In act 1, scene 5, Lady Macbeth receives news of Macbeth's favorable prophecy and learns that King Duncan is on his way to their castle. Upon reading her husband's letter, Lady Macbeth is consumed with ambition but wonders if Macbeth lacks the resolve and determination needed to assassinate the king. Once her servant brings word of the king's imminent arrival and leaves, Lady Macbeth reveals her malevolent desire to become queen in her passionate soliloquy:
Come, you spirits That tend on mortal thoughts, unsex me here, And fill me from the crown to the toe top-full Of direst cruelty. Make thick my blood. Stop up the access and passage to remorse, That no compunctious visitings of nature Shake my fell purpose, nor keep peace between The effect and it! (Shakespeare, 1.5.30-37)
Essentially, Lady Macbeth is instructing evil spirits from hell to consume her soul and transform her into a callous being, who lacks the conscience of a man or woman. She desires to become a malevolent, hostile individual without remorse in order to completely focus on her evil purpose. Lady Macbeth also requests for "murd'ring ministers" to transform her mother’s milk into poisonous acid, which emphasizes her motivation to shed her gentle female qualities in favor of cruel, hostile traits. She then instructs the thick night to conceal her evil deeds by covering the world in darkness so that her "keen knife see not the wound it makes."
Overall, Lady Macbeth's passionate soliloquy emphasizes her ambitious nature and reveals the extent she is willing to go to become queen. Lady Macbeth's speech also characterizes her as a malicious, calculating woman, who is determined to convince Macbeth to assassinate King Duncan.
It’s act 1, scene 5, and Duncan is on his way to Macbeth’s castle—right into the deadly trap set for him by Lady Macbeth. News of Duncan’s imminent arrival has made Lady Macbeth giddy with excitement. She senses that she and her husband are about to fulfill their destiny.
But before she can put her wicked murder plot into effect, Lady Macbeth needs a little help from the forces of the supernatural. She invokes those spirits that assist murderous thoughts to “unsex” her—that is, make her less of a woman and more like a man, and fill her up from head to toe with cruelty. She also wants the “murd’ring ministers,” as she calls them, to clog up her veins and thicken her blood so that she will feel no remorse for what she’s about to do.
This apostrophe by Lady Macbeth is by far the best scene in Act I. After she reads Macbeth's letter that prophesies of him becoming king, she walks upon her ramparts and speaks to the "spirits that tend on mortal thoughts" to completely remove her human qualities; this notion is revealed in the request to be "unsex[ed];" she wants to be neither a man nor woman, for both sexes have consciences, and she doesn't want one, for it will potentially inhibit her from her desire, which is to kill Duncan so that Macbeth can become king. The fact that she wants to be some kind of evil creature who does not have a conscience can be seen in her request that the spirits "make thick [her] blood. If her blood is thick, then she is dead, and if she is dead, she becomes some kind of spirit. The spirit that she desires to become is one that is filled with a "direst cruelty." This soliloquy reveals her nefarious ambition.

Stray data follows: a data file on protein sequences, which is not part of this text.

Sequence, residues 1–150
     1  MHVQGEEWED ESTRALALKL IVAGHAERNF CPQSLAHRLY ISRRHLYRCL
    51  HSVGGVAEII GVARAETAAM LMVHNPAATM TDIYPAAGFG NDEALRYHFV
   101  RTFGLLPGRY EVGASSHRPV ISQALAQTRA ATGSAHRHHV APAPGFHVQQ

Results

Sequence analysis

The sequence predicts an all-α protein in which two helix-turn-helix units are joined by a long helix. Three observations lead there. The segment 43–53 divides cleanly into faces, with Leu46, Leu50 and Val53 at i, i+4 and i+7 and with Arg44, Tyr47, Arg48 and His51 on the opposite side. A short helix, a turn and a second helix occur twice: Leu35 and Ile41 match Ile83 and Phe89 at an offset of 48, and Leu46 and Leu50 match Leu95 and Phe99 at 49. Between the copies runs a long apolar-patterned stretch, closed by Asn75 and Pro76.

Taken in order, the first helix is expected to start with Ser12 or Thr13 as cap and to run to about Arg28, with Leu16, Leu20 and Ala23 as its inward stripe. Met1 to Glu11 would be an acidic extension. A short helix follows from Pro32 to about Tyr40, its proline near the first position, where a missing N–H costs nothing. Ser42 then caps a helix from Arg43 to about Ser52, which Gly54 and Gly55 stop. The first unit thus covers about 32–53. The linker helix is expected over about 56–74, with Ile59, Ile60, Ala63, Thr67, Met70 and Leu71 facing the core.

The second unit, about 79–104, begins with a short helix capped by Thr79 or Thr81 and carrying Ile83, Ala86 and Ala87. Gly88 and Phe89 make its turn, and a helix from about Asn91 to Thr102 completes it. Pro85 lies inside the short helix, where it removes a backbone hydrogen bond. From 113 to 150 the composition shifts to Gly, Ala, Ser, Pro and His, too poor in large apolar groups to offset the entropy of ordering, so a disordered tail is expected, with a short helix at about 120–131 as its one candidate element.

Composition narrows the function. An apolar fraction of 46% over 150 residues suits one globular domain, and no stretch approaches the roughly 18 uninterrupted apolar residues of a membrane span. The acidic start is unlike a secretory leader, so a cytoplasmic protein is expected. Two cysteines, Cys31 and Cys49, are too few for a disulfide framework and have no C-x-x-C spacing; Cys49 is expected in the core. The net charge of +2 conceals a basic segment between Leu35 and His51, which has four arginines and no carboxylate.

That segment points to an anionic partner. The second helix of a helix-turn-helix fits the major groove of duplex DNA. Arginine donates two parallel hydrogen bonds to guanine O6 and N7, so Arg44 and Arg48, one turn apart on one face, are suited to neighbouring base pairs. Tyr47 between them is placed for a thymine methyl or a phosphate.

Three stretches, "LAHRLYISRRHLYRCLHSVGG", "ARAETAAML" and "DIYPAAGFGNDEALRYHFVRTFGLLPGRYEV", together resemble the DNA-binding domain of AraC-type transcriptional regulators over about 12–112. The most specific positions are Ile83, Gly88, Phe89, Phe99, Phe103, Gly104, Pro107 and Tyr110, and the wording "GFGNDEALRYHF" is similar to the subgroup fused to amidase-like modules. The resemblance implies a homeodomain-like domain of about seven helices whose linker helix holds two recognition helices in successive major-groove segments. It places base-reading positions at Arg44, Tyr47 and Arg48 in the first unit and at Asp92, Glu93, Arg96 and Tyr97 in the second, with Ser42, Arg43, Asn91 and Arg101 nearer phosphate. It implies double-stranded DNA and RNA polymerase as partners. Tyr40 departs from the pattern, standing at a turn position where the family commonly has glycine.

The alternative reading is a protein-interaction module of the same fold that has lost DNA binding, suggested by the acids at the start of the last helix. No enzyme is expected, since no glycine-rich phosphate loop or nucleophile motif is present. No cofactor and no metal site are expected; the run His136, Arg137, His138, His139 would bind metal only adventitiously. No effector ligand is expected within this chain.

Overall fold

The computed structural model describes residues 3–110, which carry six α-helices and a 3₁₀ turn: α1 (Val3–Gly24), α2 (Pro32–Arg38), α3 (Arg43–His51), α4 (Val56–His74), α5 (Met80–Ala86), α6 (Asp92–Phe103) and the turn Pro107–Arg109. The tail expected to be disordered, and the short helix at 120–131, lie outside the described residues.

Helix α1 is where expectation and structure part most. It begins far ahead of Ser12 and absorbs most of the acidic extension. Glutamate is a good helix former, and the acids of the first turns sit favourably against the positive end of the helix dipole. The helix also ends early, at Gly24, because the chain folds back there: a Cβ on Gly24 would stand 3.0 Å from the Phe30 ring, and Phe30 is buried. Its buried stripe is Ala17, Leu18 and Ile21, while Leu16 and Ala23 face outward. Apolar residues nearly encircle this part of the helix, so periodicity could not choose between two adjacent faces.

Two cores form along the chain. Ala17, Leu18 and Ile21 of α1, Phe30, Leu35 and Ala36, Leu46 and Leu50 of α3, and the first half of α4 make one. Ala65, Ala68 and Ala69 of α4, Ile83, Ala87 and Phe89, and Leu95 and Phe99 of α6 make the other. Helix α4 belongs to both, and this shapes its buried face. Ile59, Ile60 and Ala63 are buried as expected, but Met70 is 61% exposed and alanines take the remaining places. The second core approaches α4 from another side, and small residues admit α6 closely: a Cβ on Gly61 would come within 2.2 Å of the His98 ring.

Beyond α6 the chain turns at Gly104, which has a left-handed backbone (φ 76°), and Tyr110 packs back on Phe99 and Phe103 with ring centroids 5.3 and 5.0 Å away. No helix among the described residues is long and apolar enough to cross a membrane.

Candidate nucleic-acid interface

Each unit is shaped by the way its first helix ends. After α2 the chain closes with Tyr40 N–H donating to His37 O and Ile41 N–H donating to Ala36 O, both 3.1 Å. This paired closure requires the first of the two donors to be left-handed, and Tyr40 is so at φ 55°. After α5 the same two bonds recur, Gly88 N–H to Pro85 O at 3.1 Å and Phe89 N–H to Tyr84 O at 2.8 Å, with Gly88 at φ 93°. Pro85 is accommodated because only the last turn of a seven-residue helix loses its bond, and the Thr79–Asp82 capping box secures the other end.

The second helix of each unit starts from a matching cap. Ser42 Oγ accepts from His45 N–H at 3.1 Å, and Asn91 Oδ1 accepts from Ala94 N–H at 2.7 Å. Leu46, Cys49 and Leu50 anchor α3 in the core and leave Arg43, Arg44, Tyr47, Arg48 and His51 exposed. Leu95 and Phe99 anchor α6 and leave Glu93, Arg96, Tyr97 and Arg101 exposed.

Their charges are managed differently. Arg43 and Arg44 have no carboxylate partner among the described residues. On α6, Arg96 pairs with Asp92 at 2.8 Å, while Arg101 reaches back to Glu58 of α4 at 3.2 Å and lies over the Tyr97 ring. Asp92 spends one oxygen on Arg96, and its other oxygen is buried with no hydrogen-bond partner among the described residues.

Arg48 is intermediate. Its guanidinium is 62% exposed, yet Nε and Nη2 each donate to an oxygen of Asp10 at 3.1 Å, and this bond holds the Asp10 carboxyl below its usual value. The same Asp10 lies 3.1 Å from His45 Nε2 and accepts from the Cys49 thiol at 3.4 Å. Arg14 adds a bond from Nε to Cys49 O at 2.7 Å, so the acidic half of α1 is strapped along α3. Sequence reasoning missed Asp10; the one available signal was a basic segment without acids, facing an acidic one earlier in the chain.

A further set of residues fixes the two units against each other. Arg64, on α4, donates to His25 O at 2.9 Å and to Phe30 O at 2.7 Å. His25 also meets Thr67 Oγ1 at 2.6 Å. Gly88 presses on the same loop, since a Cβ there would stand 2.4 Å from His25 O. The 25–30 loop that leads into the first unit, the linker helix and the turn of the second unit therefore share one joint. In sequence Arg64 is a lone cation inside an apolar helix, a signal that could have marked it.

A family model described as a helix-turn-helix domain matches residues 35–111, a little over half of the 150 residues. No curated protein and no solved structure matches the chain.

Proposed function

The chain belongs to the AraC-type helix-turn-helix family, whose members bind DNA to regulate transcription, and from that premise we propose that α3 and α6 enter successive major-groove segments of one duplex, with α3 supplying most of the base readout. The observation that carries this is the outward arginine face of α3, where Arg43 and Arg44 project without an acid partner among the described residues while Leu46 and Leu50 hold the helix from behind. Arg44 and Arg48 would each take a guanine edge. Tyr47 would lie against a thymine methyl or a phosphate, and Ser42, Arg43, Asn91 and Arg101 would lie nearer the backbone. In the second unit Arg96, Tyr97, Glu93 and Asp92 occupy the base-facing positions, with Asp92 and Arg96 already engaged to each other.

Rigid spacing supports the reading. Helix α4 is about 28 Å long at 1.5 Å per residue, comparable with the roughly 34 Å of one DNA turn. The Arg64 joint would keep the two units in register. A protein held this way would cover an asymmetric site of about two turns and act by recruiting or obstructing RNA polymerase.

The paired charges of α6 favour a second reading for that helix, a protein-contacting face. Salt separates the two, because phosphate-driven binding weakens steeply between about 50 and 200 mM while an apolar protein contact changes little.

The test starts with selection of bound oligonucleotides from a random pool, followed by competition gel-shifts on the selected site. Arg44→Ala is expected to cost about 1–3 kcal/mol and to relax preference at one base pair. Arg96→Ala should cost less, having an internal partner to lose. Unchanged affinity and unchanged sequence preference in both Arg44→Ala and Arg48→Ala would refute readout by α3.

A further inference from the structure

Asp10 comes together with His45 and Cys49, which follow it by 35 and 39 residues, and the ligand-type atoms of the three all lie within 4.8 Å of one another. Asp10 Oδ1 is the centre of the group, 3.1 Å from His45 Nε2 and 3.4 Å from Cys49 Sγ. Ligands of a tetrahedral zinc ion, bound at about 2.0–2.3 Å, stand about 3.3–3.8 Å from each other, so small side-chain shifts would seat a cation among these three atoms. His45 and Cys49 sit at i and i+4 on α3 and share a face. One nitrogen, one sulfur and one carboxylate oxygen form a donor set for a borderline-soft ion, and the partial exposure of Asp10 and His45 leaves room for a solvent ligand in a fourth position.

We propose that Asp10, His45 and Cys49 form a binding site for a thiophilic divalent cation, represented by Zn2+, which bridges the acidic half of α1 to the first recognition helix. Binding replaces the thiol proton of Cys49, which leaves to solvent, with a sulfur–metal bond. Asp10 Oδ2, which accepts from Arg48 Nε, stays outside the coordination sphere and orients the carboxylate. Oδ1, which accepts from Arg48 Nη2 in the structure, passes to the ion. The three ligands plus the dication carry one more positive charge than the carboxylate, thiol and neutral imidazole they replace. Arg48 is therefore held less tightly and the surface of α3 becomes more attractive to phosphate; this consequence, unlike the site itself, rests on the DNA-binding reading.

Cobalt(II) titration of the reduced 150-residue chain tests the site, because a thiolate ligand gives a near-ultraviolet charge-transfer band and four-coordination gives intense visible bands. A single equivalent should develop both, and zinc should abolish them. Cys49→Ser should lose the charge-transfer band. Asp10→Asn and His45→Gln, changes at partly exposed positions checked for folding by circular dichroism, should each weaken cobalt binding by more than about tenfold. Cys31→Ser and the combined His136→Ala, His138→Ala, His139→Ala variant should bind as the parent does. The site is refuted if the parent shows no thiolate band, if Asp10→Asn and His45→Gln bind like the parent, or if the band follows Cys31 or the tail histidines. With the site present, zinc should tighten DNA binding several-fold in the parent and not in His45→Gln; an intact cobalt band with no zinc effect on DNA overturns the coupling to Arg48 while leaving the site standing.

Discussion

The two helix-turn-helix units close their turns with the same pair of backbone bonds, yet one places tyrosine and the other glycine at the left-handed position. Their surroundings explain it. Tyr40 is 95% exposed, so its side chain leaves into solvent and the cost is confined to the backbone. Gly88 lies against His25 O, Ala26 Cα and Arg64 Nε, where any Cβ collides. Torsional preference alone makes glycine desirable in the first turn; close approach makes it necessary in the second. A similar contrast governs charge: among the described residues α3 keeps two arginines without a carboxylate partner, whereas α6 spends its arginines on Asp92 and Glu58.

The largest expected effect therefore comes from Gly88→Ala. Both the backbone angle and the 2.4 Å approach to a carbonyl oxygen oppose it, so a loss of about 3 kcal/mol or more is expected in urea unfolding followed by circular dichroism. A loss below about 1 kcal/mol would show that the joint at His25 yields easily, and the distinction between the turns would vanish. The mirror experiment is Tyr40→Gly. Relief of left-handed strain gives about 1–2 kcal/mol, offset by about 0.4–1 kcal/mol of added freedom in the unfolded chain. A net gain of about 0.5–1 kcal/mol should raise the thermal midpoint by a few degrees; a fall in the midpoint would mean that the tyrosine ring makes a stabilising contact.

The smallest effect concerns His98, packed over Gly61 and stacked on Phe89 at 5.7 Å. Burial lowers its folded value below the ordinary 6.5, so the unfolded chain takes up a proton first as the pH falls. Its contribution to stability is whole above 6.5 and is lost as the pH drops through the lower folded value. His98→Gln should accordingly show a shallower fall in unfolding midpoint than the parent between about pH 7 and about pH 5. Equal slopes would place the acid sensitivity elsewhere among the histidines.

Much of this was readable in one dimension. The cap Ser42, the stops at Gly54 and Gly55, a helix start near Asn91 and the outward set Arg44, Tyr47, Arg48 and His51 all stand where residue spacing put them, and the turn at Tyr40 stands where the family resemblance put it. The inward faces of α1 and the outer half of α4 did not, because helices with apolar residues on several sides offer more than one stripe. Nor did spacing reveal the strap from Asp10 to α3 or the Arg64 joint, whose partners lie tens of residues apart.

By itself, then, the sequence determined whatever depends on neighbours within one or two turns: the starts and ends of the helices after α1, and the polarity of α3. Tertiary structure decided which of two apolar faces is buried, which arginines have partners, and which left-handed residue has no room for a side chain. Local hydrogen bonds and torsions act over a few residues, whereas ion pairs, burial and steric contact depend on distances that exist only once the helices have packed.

This quote from Shakespeare's Macbeth comes after Lady Macbeth has received a letter from her husband and before he arrives at the castle himself.
The letter details the predictions made by the weird sisters, and informs Lady Macbeth that one of the predictions has come true: Macbeth has been made Thane of Cawdor. The second prediction is that Macbeth will be king.
Lady Macbeth is extremely ambitious, as is her husband, and in her speech after she reads the letter she questions whether or not her husband is ruthless enough to do what's necessary to obtain the throne--kill Duncan.
The section of the speech you quote above is in a speech that's given just a few minutes later and shows Lady Macbeth preparing herself to be ruthless. She wants to be the stereotypical male, aggressive and ruthless, masculine. The famous line, "unsex me here" is Lady Macbeth asking to be rid of any female qualities, such as gentleness and pity. She wants to be filled with cruelty, and wants her blood to be made thick. The idea of the thick blood is that thick blood will stop those same female qualities from reaching her mind.
In summary, then, Lady Macbeth asks the "spirits" to strip away female qualities and replace them with male qualities, those qualities that will enable her to be ruthless enough to assassinate King Duncan.
You have told us yourself where in the play this happens. At this point in the play, Macbeth has already heard the witches' prophecies about him. He has already been made Thane of Cawdor. But he is not yet king. The king, Duncan, is coming to visit Macbeth's castle.
In this quote, Lady Macbeth is wishing to be "unsexed" so that she could be more cruel and power hungry. This refers to the idea that women should not have these traits. But she thinks that her husband will not be ruthless enough to do what he needs to become king. So she wants to be ruthless enough to push him to kill Duncan.